Creating Excellent Schools:
Education Reform as a
A Research & Theory
Jeannie Oakes, UCLA
What to take away?
• Reforms for high-quality, equitable schooling for
poor children and children of color rarely take
• Flawed assumptions and inadequate change
strategies are partly to blame.
• Democratic schools require democratic reform.
• Community-based groups bring different and
powerful assumptions and methods.
• Engaging these groups brings new power to
Conventional reform assumptions
• Low quality schooling for poor children and
children of color is largely a function of technical
problems—structure, practice, etc.
• Quality and equity can be achieved by working
within the system.
• More knowledge and better strategies will
improve schools and close gaps.
• Inequality is at odds with basic values;
Americans will welcome more equitable
Conventional reform strategies
– Research, develop, and disseminate effective
– Decision makers adopt them
• Organizational development strategies:
– Establish a a “learning culture” in schools
– Develop professional “buy in” and ownership
– Provide leadership, time, appropriate resources, and
professional capacity building (technical assistance,
professional development, coaches).
What’s wrong with conventional reform?
• Equity reforms are seldom adopted or sustained
– Integration (racial or social class)
– Equalized resources--$, teachers, facilities, etc.
– Challenging academic curriculum/college access in
– Culturally responsive teaching—multicultural
curriculum, bilingual education, “authentic”
• Adopted equity reforms are superficially
implemented or distorted
Wrong assumptions; inadequate strategies;
naïve view of inequality
• Changes are not simply technical, schooling
– Huge shifts in normative beliefs
– Significant political negotiations
• “Expert-driven” insider strategies focus mostly
on getting the techniques right
• Movement away from inequality triggers
powerful cultural and political resistance both in-
and out of school.
Engaged Communities Bring New
Assumptions, New Strategies, Less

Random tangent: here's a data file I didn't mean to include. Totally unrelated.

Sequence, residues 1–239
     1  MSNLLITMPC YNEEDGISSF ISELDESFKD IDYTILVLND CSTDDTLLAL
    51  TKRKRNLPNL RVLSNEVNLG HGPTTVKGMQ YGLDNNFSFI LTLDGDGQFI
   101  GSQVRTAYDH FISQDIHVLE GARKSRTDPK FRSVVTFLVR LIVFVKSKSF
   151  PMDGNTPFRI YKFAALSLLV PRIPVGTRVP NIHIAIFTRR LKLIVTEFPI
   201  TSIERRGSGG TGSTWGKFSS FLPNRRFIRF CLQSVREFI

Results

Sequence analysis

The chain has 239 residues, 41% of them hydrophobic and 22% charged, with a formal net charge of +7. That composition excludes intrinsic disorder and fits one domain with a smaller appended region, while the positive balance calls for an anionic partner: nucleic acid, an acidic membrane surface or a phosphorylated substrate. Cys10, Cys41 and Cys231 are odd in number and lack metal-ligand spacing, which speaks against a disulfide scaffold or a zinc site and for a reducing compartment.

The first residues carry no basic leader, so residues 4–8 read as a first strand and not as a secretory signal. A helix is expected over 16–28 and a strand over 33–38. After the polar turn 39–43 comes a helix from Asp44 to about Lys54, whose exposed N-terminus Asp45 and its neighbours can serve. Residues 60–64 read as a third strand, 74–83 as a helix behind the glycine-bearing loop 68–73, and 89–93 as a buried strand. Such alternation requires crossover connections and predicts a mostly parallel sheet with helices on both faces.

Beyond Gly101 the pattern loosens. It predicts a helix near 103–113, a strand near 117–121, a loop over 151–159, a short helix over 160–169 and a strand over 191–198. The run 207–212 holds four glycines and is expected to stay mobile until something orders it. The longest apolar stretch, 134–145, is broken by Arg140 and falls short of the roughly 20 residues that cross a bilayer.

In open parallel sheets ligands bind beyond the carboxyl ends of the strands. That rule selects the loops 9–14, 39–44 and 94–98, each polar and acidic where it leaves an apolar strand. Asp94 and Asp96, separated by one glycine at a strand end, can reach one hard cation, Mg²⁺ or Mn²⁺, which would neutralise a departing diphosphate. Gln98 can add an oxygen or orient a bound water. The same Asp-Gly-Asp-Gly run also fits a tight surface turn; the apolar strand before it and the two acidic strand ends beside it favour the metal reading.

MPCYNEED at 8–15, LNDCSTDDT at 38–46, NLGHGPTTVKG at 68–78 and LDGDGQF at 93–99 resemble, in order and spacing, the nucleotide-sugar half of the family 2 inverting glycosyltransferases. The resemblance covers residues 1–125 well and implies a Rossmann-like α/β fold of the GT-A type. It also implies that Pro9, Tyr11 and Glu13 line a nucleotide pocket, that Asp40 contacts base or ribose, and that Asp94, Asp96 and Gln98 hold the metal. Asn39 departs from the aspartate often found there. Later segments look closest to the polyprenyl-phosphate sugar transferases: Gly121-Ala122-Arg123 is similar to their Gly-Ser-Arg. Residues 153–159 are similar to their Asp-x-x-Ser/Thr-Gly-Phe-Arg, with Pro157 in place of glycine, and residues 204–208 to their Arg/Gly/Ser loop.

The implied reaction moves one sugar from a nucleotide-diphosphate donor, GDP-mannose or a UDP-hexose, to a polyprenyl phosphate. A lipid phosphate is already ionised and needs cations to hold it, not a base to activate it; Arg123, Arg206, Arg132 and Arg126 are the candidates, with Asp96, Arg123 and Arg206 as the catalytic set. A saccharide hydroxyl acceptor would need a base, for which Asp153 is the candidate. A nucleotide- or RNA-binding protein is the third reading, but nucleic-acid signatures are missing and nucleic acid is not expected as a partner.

• Inequity stem from cultural and political
unwillingness, as well as technical problems.
• Reform is more like democratic social
movements than corporate change—cultural
and political, as well as technical.
• Strategies confront resistance directly
– Create new images & identities
– Assert democratic purposes of schooling
– Alter balance of power
• Changes respond specifically to students’ and
communities’ cultures and contexts.
• Powerful “outsiders” create political “space” in
which educators can act.
• Prepares an educated, activist community to
hold schools accountable
• Power developed can address other systemic
problems—the lack of decent housing, living-
wage jobs, health care, etc.
• Process itself is democratic, educative, &
integral to high quality, equitable schooling
Making Community-Engaged Reform
Powerful & Effective
• Capacity building
– Infrastructure support
– Develop leaders among parents & young people
– Training to map players, power, and processes
• Coalition building
– Networks among groups across communities and states
• Research collaboration
– Identify issues and solutions
– Tools for engaging community members and decision makers
– Strategic planning, message development, relationships with
Excellent & Equitable Schooling
equitable college going
access to high-quality learning
The educational system
An educated and
driven by a conception
presses for quality
of high-quality learning
focuses on ensuring
schools in defining
opportunities to learn
attends to all levels of
holds schools and
accountable for inserts the public voice
quality into education